Introduction: Tempura Vegetables and Tofu
After spending Friday at a work event that concluded with a "school disco" and an open bar I have to admit I was feeling a little worse for wear on Saturday morning but that didn't stop me from heading to the MASSIVE Asda in Watford that was *kind* of on my way home. I wandered the aisles and found myself in the "world foods" aisle and in front of a packet of tempura batter mix. At that point, deep fried ANYTHING seemed like the tastiest thing in the world so in my basket it went (along with some seasoned seaweed, shoes and the same cardigan in two colours)...
So this morning (needed a day to recover!) I raided my fridge for anything that seemed worthy of a cripsy tempura coating.
Rather than give instructions on how I covered everything in batter, I'm going to review my random vegetable choices. Coating something in batter isn't rocket science and once it's coated and you've drained any excess batter off, you just put in it some hot oil (the dial on my stove was halfway between low and the highest setting), wait for each side to turn golden brown and crispy then drain on a wire rack/kitchen roll. I had about 1 inch of oil in a pan and found that chopsticks were perfect for turning everything over. If chopsticks aren't your thing then a fork would also work well. I served everything with sweet chilli sauce and a ginger, soy, sesame oil and vinegar sauce.
I was going to use silken tofu but looking back, I'm glad I didn't as I'm pretty sure it would just fall apart because it's so delicate. I used firm tofu then made sure that I'd squashed any moisture out as this would react with the hot oil and cause terrible oil spattering.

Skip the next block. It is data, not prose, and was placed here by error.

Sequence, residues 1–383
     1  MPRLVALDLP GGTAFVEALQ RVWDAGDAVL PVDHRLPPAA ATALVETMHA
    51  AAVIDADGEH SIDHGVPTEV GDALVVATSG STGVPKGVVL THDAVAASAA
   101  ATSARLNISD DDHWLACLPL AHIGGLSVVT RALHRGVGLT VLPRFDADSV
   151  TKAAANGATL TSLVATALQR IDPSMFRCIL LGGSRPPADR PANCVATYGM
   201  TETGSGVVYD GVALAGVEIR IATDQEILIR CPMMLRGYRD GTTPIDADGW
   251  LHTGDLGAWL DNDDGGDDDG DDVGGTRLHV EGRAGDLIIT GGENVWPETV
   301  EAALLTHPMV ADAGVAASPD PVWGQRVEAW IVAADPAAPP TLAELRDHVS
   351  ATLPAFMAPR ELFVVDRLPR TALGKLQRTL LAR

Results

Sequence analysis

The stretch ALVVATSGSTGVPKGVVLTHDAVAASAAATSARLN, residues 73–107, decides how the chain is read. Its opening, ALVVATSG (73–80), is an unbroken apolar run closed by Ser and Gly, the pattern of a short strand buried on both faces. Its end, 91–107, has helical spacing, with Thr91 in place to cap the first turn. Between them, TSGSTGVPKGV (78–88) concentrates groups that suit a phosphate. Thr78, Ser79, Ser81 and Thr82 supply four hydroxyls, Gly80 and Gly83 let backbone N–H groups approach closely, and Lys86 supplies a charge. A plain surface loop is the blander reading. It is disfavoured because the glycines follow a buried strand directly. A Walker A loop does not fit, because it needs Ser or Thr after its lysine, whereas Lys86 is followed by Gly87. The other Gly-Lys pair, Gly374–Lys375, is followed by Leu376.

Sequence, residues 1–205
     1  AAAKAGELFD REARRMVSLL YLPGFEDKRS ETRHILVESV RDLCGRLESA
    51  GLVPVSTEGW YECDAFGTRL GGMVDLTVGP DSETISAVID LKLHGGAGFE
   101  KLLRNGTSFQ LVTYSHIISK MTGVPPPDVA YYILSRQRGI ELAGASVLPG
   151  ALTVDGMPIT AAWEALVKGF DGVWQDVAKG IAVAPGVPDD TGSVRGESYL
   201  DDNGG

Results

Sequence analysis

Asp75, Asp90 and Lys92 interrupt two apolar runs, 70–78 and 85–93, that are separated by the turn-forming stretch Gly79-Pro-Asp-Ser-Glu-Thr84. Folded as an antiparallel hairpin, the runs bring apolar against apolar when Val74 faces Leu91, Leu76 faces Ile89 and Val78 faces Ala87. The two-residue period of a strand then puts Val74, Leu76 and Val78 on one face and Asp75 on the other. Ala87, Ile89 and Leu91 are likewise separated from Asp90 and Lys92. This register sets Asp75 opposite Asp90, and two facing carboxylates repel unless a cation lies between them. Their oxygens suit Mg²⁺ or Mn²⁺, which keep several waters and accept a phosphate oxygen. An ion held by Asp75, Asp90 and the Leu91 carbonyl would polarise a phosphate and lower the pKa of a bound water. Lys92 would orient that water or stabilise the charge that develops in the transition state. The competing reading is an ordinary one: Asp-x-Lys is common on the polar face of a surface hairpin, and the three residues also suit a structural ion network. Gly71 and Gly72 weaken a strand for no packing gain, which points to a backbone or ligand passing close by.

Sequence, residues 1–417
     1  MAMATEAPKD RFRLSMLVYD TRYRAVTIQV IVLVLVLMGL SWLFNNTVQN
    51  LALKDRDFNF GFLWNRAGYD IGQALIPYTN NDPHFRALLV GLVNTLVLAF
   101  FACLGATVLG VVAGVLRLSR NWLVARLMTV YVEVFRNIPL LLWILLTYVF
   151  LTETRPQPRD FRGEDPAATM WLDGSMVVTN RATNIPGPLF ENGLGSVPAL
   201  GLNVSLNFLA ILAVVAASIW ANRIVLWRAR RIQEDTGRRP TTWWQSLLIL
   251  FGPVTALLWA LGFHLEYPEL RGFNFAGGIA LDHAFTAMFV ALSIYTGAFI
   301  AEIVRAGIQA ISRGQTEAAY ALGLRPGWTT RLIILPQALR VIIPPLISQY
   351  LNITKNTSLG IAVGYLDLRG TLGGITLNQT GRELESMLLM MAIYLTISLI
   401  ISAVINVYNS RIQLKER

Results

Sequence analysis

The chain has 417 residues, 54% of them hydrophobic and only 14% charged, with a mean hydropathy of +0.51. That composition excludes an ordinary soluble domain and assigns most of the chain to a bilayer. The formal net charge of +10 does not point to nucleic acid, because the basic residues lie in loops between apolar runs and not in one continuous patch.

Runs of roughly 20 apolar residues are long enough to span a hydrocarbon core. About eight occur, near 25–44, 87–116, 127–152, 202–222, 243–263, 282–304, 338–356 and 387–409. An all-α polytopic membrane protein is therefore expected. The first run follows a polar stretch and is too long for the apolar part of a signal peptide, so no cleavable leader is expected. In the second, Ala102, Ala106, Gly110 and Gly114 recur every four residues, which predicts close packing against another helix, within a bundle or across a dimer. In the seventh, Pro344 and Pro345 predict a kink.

Tofu is pretty bland but I just love the texture. I had no idea what it would taste like with a batter so made half plain and half with a dusting of salt and pepper. True to form, the unseasoned tofu just tasted, well, like tofu with batter. The salt and peppered tofu was MUCH better and was delicious with both dipping sauces.
I sliced the spring onion in quarters length-wise so the get the very onion-y end bits and the milder green tops. Although tasty, I think a lot of the lovely spring onion flavour got fried away. In future I would probably just use a regular onion - red onion would probably be lovely!
I had some avocado left over from making guacamole last night and have seen various recipes for avocado fries so thought "what the heck" and battered some wedges. The texture was wonderful - crispy outside and slightly firm and creamy inside. You lose a bit of the avocado flavour from frying but still ok.
Finely sliced red pepper are by far the best thing I tempura-ed. The red pepper is probably one of the only things that didn't need seasoning and overpowered the batter. Because it was fried, the red pepper got a lovely dark colour in places that tasted like it was roasted - delicious!
I've seen tempura broccoli before and although a massive fan of broccoli, I was dubious about how it would taste when battered and fried...I was right. I didn't steam the broccoli beforehand so picked out small pieces to fry. I think the moisture in the broccoli didn't help because although crispy when they came out of the pan, they quickly turned a little stodgy. You could still taste the broccoli flavour but they just weren't as crispy as I would like.
Last minute addition to the tempura madness and I am SO glad I tried it! I love garlic. I sliced a large clove into 3 slices and fried. It's like it's been roasted but with a little more kick to it.
Frying is a tricky thing...Make sure you have lots of ventilation or else everything will smell like fried things. Also make sure that you eat anything you've fried fairly quickly as the moisture from the veg and the tofu will make the batter soggy!.
If you've tempura-ed anything different or have any questions, just let me know!
I've got loads of other recipes on here plus more on my blog so have a look!